And yes, I do believe you shouldn’t move here without an Exit Strategy. I know people who are here, who want to move back and can’t do it.
It may be because they put all their life savings into moving and can’t pull together enough money to make the move back. It may be because they came here and a health problem hit and they had no option to return because their health wouldn’t permit it. Many have had health bills in Panama that totally depleted all their savings. Of course, that happens in the U.S. too, except no one ever told you that the U.S. had cheap healthcare.
As a disclaimer, when I moved here, my long term plan was to live here for a maximum of 20 years, sell my property for a $1,000,000 and return to the U.S. I moved with an exit strategy in mind. In that regard, I was no different than my fellow blogger Richard.
However, an error in judgement in a second marriage removed that as a possibility. No I didn’t marry after moving to Panama, but was married in the U.S. exactly 10 years prior to my move to Chiriquí. The good news is that I would never have met Lilliam and her family if I hadn’t moved to Panama.
This reminds me, don’t move here, because you think the move will be good for your marriage. If your marriage is on shaky ground before the move, this move will end the marriage.
Bottom line, buy all the books you can and take advantage of all the media on the Internet to better understand living in Panama. The cost and time will be insignificant compared to a permanent move.
Just remember this old saying my dad used to tell me “ I know you think you understand what you thought I said, but I am not sure you realize that what you heard is not what I meant.”
No article, book or blog will compare with your individual Panama experience. HERE is Richard’s book, if you want to assist him with part of his exit strategy.
A message was just posted on Boquete Ning informing everyone that Lee Zeltzer had passed away. I have no information on the cause, but know he was recently in Hospital Mae Lewis.
He had provided a great conduit of information about Boquete and Boquete Ning provided a forum of information that was beneficial
Lee was a fellow blogger (Boquete Guide) and his presence will be missed.
This is an important question anyone wanting to move here should ask. Fellow bloggers Joel and Kris have done a good job of integrating themselves into the community they live in. Because of that, they recently were asked to be judges at a local bilingual school.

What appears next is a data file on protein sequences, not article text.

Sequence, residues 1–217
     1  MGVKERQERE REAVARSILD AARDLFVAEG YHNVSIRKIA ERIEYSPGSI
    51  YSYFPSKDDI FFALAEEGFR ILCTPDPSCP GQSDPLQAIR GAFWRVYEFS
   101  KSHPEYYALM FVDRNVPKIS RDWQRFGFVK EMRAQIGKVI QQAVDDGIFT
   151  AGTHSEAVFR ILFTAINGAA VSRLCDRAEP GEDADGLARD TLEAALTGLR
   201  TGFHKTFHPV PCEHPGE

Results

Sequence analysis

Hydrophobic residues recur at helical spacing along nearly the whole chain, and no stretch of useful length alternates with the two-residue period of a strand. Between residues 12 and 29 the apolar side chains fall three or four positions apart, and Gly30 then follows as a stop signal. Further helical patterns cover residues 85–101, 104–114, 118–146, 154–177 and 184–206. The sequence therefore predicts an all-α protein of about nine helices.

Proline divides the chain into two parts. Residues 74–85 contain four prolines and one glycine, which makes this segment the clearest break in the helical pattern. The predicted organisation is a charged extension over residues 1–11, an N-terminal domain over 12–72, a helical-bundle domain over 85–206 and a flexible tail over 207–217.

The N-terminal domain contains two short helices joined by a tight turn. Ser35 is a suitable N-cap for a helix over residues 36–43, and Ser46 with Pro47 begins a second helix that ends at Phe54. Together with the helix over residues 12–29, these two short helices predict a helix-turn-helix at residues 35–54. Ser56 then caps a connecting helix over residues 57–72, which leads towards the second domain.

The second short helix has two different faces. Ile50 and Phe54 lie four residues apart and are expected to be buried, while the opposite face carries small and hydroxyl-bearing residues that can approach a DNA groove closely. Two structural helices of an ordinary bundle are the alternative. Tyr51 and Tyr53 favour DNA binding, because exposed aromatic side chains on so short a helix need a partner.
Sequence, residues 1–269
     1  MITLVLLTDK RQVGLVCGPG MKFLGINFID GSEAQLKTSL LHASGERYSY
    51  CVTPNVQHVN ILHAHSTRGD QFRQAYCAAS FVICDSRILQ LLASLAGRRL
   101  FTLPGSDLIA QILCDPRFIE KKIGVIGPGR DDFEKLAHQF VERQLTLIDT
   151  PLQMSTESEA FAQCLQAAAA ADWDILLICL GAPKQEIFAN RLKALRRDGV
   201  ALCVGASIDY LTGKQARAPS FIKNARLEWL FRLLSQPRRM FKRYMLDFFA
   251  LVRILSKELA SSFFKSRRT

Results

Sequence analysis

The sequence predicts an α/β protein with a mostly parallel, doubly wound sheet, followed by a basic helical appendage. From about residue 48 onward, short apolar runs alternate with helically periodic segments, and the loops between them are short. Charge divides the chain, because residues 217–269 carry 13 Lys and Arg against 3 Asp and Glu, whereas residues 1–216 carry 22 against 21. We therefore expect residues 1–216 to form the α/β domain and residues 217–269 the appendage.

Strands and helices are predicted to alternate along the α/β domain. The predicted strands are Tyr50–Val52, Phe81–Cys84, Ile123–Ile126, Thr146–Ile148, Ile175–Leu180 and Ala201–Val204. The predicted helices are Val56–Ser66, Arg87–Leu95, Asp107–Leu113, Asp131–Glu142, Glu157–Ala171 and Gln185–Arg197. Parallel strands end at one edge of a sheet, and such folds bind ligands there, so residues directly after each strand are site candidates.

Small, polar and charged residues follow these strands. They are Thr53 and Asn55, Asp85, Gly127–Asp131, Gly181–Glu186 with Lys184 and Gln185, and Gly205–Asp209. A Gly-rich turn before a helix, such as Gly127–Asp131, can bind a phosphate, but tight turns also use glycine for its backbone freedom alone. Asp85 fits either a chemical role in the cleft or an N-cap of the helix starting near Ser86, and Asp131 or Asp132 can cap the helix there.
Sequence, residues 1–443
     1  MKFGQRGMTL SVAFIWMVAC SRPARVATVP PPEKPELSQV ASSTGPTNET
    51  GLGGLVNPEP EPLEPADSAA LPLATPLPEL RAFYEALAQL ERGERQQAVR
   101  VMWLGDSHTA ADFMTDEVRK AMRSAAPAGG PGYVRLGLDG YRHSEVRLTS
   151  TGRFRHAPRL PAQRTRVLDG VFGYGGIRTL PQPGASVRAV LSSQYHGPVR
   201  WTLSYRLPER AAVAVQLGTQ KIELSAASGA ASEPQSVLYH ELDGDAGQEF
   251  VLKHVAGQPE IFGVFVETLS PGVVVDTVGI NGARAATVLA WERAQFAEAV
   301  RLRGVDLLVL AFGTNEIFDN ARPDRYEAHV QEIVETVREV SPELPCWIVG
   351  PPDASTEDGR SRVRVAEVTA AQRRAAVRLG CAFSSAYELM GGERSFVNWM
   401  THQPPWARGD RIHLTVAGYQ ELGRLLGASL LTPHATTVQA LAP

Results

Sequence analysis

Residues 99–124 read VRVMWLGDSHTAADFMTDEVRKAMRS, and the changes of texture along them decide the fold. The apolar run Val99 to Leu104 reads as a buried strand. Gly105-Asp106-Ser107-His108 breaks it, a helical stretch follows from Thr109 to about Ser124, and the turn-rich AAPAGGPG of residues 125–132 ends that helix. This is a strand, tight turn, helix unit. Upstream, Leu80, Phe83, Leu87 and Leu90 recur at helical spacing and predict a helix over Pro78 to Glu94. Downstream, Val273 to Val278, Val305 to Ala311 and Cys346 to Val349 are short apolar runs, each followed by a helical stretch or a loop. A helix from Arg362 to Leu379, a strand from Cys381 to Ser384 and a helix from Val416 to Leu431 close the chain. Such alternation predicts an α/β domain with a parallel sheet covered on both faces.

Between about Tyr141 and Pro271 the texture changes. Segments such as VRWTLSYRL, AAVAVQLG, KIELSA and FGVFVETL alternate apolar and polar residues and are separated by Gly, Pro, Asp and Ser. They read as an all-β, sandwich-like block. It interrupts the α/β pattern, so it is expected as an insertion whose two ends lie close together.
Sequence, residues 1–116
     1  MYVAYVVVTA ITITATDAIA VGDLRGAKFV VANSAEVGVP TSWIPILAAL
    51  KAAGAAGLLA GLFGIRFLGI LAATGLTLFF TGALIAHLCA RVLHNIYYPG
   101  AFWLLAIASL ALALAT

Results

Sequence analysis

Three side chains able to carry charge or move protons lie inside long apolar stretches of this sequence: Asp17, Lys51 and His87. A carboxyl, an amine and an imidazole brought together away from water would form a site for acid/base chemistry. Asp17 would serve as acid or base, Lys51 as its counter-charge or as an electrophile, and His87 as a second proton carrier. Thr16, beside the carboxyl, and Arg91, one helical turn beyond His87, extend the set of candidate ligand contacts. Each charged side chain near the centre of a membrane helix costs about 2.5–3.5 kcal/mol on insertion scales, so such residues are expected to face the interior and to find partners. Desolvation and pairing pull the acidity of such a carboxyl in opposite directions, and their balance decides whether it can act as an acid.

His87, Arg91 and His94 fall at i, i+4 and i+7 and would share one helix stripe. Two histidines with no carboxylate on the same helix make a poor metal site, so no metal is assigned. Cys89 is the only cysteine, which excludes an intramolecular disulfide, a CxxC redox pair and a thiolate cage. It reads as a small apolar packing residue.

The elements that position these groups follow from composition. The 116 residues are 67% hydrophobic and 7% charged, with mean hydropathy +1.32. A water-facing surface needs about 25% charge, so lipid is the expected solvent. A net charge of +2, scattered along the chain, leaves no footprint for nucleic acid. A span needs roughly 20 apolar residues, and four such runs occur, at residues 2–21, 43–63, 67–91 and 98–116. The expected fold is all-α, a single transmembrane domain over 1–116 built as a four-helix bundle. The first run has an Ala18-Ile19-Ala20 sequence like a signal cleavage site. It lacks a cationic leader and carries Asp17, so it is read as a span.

This appears to be one of the few bilingual schools I haven’t been in. It is always rewarding to interact with the young people in Panama.
Kris and Joel, I applaud you.
Here is Kris’s post of their day behind the judging tables. Kris also has several YouTube videos that are worth watching as well as a performance of Joel singing Love Potion #9 for the students.
I thought Richard Detrich was due a real AttaBoy. I see he does actually monitor his site to keep comments from getting in that have not been properly edited by the author.
I have left several comments in the past on Richard’s blog, that I thought had slipped through a crack and for some reason never showed up.
I alway assumed that Richard was so busy and had so little time because of being away on cruise ships and thought that it was an accident that my comments never showed up, or that I hit the wrong key. I now understand that he is just preventing me from leaving a flawed comment.
When I left my latest comment to one of his posts, and saw it on the moderation queue, I took a screen capture so I would remember it and set a reminder to check back.
This morning I checked his post and see that the comment is no longer under moderation, but has moved to a location known as purged-atory. This is the place ex-preachers place comments that don’t meet their selection criteria.
I appreciate that Richard didn’t want me to be embarrassed because I hadn’t adequately edited my comment and didn’t see an “of” that was written as “go” or that I used “have” when I should have used “has”.
Thank you Richard, but that wasn’t really necessary. My readers know that a lot of editing slips through the cracks on my blog.
Many readers don’t realize that WordPress and many other blogging applications always leave a comment or a ping back for other bloggers, if their posts are referenced. If the blogger chooses, it will appear in his blog.
Normally bloggers appreciate that others are spreading their blog’s URL because it increases Google’s ranking of their Blog.
Some bloggers prefer to delete comments and ping backs because they may offer differing opinions.
I just noticed a new Panama blog and have added it to my “Panama Blogs and Photo Websites” section in the Chiriquí Chatter Link List at the bottom of this page.
The blog is titled Latitude Adjustment. Clever title and it will be fun to see how Panama appears through their eyes.
Give the blog a read and welcome them to Panama.